One of the heartbreaking facts of church life is that clergy leave ministry every year. Most are badly wounded—broken from years of functioning poorly in the vocation given to them by the Lord. Why does this happen? Did not these clergy receive good training for what they thought was their life’s work?
It’s fair to say that no one enters ministry with an intent or desire to flame out, or to be miserable. It’s also fair to say three years of seminary training can’t cover every issue that a minister may face. But it is important to make sure that men and women are formed in their relationship with God so that they are able to be informed.
For those in the field doing God’s work, what can be done to care for them and to help them care for each other? We need only look back in Reformed Protestant history to find a model that can be adapted for the encouragement and edification of clergy.
When the citizens of Geneva decided to embrace the Protestant Reformation, civic leaders invited John Calvin to give leadership to the church. Aside from a three-year period of exile, Calvin remained in Geneva for the rest of his life. Along with the city magistrates, he developed a system of church government that would work, culturally and theologically, for the young church. This polity has, to a greater or lesser extent, survived to this day in one branch or another of the Reformed tradition. There is one element, however, which is glaringly missing and it is costing the church of our own day dearly.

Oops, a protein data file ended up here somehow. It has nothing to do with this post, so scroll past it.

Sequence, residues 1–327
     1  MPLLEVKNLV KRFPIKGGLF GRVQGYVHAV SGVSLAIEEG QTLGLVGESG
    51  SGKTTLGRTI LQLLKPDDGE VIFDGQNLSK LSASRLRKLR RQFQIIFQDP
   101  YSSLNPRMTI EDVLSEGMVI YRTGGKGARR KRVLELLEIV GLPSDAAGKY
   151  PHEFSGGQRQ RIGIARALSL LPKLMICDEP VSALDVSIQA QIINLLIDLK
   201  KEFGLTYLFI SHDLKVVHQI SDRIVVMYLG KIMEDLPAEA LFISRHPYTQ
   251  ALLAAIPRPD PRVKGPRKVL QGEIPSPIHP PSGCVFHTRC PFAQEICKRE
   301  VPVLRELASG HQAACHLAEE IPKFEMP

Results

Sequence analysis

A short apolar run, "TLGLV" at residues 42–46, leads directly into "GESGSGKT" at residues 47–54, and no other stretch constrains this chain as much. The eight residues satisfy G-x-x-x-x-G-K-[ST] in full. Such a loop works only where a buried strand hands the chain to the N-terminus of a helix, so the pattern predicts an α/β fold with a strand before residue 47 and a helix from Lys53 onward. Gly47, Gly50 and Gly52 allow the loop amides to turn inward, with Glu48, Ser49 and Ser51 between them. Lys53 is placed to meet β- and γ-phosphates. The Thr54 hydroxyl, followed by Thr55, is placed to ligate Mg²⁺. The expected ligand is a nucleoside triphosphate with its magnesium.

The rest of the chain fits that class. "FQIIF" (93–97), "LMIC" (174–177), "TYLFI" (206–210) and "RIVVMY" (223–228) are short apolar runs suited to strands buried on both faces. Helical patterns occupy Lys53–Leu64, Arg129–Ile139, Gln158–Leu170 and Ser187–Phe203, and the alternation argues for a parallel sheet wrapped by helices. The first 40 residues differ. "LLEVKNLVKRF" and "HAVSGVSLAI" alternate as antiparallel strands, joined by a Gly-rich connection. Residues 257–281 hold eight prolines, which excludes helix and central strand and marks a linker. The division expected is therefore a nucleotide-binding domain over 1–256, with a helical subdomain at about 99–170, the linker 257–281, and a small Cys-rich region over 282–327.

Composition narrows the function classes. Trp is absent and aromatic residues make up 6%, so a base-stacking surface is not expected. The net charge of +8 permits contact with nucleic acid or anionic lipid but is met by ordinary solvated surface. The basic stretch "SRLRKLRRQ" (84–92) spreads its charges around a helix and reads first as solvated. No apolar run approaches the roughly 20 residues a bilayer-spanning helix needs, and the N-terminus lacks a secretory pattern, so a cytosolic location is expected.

Calvin’s Geneva, as a Christian city-state, was governed principally by a consistory, along with three magisterial councils. The consistory was composed of all the elders and clergy of the city; it met weekly to oversee the civil and spiritual lives of the people of Geneva. A key subset was the company of pastors, instituted by and moderated by Calvin from its first days in the early 1540s until shortly before his death in 1564.
The company of pastors was crafted by Calvin to accomplish four purposes for the church in Geneva. The first three—ordination, education and missionary work—are easily seen to be carried out by presbyteries today, with the help of the national church. The fourth, however, is noticeably absent: mutual and self criticism.
One of Calvin’s goals was that the pastors be open and honest enough with each other to allow them to offer criticism to each other and to themselves. This meant they had to be willing to be vulnerable and accountable to their colleagues. In Calvin’s day, the company never numbered more than 22 men (and they were all men, in those days). Often the group was smaller, creating a greater possibility for intimate friendship. (Contrary to popular belief, Calvin had close friends among the pastors with whom he served and the account of the last gathering Calvin shared with the company suggests he and his colleagues showed great emotion as they prepared to say goodbye.)